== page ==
Sochal – The Healthy Social Network
Oooh yes, let me know! I’d be curious to know if epazote and Oaxaca cheese are available over there…
After reading the recipe, I started googling to see if I would be able to find queso de Oaxaca and epazote in Spain… No luck so far, but I’ll keep searching because these look delicious and now I’m really curious to try those flavours!
Oooh, my fingers are crossed that they are available somewhere (especially since we’re headed that way in 2 months!). Maybe at some of the Mexican import markets? (We passed by one in Barcelona when we were there last February…)
Yes, my search directed me to some markets in Barcelona, but that’s a biiit too far away for me since I live near Santiago de Compostela. I’m sure you’ll be able to find almost anything in Barcelona (including delicious calçots!), and it’s such a vibrant, amazing city.
Another thing I’m going to be required to make! Even though I live on the border with Mexico, I’ve not seen fresh epazote. I guess I’ll just have to head down to El Super, our local Mexican ranch market and see if they have it with their fresh herbs. I’ve actually never tried Oaxaca cheese before, either, so I thank you for giving me an excuse to try it. I’m always looking for interesting breakfasts, and this would definitely qualify in that regard. I would probably opt for flour tortillas, unless I just left the corn tortilla flat and put another one on top of the filling, since they just don’t have the flexibility of flour tortillas. I am excited to try these quesadillas.
Hi! I am from Mexico City and quesadillas ruleeeeeee!! I hope the taste is just as good as it is here. If you put one tortilla on top of the filling it’s called a “sincronizada”. Those are also great with ham and oaxaca, you should try them :)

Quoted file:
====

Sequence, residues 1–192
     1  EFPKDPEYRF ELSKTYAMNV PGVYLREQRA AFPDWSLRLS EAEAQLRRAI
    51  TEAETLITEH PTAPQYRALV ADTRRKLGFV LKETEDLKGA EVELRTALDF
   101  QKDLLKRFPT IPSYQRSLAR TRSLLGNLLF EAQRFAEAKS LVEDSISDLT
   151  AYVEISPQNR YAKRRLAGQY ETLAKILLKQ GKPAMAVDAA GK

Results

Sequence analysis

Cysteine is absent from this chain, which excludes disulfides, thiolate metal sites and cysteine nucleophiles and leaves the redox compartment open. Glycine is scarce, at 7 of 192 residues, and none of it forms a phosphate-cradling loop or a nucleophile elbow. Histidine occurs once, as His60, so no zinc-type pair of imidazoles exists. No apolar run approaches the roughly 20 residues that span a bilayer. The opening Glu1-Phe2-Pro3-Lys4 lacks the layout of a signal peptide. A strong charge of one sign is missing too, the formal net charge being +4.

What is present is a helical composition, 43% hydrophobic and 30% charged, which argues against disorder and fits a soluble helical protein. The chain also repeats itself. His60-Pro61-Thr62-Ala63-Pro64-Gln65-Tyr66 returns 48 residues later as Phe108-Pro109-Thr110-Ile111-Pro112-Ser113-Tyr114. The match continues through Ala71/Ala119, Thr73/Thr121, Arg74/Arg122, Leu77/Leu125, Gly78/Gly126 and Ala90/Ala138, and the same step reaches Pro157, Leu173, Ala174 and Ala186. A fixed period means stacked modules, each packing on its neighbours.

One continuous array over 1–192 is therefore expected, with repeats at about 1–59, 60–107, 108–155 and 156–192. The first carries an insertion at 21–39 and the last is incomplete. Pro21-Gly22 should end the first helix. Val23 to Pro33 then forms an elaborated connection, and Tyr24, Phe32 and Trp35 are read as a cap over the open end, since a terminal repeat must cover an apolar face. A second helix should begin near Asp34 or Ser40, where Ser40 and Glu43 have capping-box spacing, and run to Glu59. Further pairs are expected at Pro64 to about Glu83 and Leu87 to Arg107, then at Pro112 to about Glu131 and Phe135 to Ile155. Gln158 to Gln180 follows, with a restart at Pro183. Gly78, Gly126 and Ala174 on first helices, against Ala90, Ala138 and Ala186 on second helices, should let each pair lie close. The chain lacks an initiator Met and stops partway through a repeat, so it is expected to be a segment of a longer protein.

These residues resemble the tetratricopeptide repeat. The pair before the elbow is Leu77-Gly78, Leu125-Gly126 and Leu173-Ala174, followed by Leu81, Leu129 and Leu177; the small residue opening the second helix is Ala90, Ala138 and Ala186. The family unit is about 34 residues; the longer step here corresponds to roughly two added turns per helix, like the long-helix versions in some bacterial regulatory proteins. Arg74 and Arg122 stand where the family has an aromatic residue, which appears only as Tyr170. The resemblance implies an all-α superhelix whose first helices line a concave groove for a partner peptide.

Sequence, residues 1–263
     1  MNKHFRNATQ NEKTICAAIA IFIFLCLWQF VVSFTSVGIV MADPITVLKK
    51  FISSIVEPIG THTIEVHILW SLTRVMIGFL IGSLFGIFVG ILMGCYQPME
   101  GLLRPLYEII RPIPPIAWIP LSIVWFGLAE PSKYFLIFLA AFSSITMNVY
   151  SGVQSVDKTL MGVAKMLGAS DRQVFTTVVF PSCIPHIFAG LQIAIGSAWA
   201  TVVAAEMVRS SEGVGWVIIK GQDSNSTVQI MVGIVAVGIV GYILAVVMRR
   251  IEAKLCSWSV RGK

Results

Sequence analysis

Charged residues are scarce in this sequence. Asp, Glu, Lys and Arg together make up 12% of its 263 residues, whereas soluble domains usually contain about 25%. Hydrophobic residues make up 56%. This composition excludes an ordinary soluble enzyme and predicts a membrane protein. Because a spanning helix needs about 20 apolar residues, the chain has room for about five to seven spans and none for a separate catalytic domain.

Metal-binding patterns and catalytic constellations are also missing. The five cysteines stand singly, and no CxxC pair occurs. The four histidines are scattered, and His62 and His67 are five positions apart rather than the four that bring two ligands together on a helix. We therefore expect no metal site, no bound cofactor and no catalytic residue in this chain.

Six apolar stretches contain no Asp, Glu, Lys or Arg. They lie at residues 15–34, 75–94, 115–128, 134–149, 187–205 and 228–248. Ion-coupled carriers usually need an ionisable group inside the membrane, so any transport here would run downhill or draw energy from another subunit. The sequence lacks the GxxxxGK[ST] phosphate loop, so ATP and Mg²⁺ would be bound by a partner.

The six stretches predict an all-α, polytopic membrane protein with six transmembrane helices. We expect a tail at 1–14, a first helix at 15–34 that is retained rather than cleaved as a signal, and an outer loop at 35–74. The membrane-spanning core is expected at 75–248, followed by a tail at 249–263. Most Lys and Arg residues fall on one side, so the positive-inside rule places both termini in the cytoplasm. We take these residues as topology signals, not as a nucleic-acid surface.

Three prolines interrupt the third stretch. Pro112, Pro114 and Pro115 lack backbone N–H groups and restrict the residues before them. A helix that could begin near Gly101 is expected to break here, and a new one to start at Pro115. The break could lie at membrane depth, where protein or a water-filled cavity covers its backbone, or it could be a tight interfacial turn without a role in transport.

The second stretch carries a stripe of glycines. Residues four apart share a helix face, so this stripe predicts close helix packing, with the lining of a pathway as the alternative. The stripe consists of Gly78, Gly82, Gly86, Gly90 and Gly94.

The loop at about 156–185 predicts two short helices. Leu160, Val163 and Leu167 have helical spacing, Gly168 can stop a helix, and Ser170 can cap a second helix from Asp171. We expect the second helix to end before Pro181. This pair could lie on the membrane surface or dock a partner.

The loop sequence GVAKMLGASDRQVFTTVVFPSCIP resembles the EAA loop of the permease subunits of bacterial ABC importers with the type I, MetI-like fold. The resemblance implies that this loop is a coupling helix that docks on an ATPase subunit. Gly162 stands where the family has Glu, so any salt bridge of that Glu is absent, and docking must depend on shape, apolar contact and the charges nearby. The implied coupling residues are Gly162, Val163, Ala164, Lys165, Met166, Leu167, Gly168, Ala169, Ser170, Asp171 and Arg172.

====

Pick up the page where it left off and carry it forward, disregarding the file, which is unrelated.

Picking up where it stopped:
PLEASE recommend your favorite Mezcals. Dying to try them. Also… Portugal is a country you might love…stay safe.
These look amazing! The surprise ingredients make them even more enticing to make! I also love the suggested mix-in ingredients. A must try!
This recipe of quesadillas looks very much like our tapioca, which also comes from the northeast in the morning with coffee, but the dough seems to be thinner and softer, I wanted to taste this deliciousness.
glad you enjoyed your experience there on your honeymoon and belated congratulations! I’d forgotten about Oaxaca cheese and probably had epazote but can’t say for sure, regardless great ingredients to try and add to regular quesadillas, thank you!
I was able to find epazote at our local Mexican ranch market, so we made these quesadillas, using flour tortillas. Actually I had my husband make them. They turned out wonderfully. And I took the extra epazote and froze it into ice cubes, each of which holds enough leaves for two quesadillas. I’m hoping that freezing the leaves will keep them perfect for use in later renditions of these quesadillas. Definitely a keeper recipe.
Can’t wait to try these!
Ali, I made these with homemade mesquite/whole wheat tortillas, and the mesquite tortillas took these quesadillas over the top. I have finally figured out how to make mesquite flour work in tortillas (i.e. having them turn out flexible) – the secret is adding some vital wheat gluten. The mesquite makes the flavor verrrryy rich.